HealthDay News — A history of alcohol-use disorder is associated with increased odds of severe memory impairment in middle-aged patients, according to research published in the American Journal of Geriatric Psychiatry.
“Dementia presents major clinical and societal challenges and has enormous public health implications,” wrote Elzbieta Kuzma, PhD, of the University of Exeter Medical School in the United Kingdom, and colleagues. Dementia costs the United States between $159 billion and $215 billion in health each year.
To examine the correlation between history of alcohol-use disorder and the onset of severe cognitive and memory impairment, the investigators conducted a survey with 6,542 middle-aged patients, born from 1931 through 1941.
Patients were assessed at baseline in 1992 and underwent biannual follow-up from 1996 through 2010. The three-item modified CAGE questionnaire was used to assess history of alcohol-use disorder.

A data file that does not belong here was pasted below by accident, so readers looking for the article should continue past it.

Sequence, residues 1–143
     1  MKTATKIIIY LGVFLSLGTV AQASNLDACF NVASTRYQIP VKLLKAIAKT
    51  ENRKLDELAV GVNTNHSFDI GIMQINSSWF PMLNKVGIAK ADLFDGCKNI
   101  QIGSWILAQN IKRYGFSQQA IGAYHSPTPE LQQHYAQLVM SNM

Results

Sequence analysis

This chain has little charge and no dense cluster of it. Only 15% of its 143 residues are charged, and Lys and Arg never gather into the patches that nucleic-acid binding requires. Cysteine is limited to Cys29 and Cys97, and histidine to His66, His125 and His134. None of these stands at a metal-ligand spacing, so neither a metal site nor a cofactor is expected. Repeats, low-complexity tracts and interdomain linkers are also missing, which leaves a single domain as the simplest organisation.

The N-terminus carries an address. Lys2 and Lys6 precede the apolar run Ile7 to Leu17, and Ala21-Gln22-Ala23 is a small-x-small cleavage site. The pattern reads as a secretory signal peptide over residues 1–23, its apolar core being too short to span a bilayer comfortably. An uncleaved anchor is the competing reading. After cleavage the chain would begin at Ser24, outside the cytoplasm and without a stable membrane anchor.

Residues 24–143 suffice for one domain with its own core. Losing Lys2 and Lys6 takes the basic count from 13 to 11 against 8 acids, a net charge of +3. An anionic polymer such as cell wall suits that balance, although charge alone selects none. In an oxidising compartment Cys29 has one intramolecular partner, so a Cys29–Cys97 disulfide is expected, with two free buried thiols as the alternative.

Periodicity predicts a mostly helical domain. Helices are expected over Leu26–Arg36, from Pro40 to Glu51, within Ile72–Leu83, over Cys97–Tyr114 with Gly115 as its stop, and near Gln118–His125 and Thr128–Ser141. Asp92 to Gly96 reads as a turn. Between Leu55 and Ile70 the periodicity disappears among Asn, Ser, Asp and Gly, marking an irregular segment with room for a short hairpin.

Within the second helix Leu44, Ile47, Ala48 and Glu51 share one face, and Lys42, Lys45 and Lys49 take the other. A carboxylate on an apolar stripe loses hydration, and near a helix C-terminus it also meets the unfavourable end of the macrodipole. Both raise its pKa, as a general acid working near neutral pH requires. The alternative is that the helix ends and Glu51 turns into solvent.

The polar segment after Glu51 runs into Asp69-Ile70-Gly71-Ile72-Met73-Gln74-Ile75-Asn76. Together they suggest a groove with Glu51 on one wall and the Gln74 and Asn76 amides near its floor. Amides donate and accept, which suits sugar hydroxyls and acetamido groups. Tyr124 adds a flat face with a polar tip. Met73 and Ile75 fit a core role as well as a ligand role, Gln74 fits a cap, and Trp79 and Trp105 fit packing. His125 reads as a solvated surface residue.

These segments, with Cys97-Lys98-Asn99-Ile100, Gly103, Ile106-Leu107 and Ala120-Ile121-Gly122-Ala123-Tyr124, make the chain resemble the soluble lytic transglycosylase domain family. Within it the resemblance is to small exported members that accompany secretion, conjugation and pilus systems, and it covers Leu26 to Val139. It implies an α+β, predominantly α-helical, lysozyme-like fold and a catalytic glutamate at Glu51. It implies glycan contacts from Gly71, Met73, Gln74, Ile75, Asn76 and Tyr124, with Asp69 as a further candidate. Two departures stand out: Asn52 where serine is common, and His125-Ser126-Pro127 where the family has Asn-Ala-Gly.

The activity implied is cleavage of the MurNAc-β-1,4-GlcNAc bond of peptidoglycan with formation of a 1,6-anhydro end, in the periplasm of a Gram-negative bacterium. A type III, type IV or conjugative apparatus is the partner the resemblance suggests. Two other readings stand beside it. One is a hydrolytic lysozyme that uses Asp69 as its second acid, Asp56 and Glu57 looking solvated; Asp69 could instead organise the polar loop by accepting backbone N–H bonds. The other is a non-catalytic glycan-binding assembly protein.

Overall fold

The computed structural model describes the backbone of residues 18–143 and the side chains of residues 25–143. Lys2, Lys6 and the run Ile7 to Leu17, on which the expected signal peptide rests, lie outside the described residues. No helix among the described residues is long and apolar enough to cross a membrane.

Of the patients, 90 participants experienced severe cognitive impairment and 74 experienced severe memory impairment during the follow-up period.
The odds of severe memory impairment were more than doubled among patients with a history of alcohol-use disorders (odds ratio, 2.21; 95% CI: 1.27-3.85; P=0.01). The likelihood of severe cognitive impairment were also increased among patients with a history of alcohol-use disorders, but the correlation was not statistically significant (odds ratio, 1.80; 95% CI: 0.97- 3.33; P=0.06).
“These results reinforce the need to consider the relationship between alcohol consumption and cognition from a multifactorial lifespan perspective,” the researchers concluded.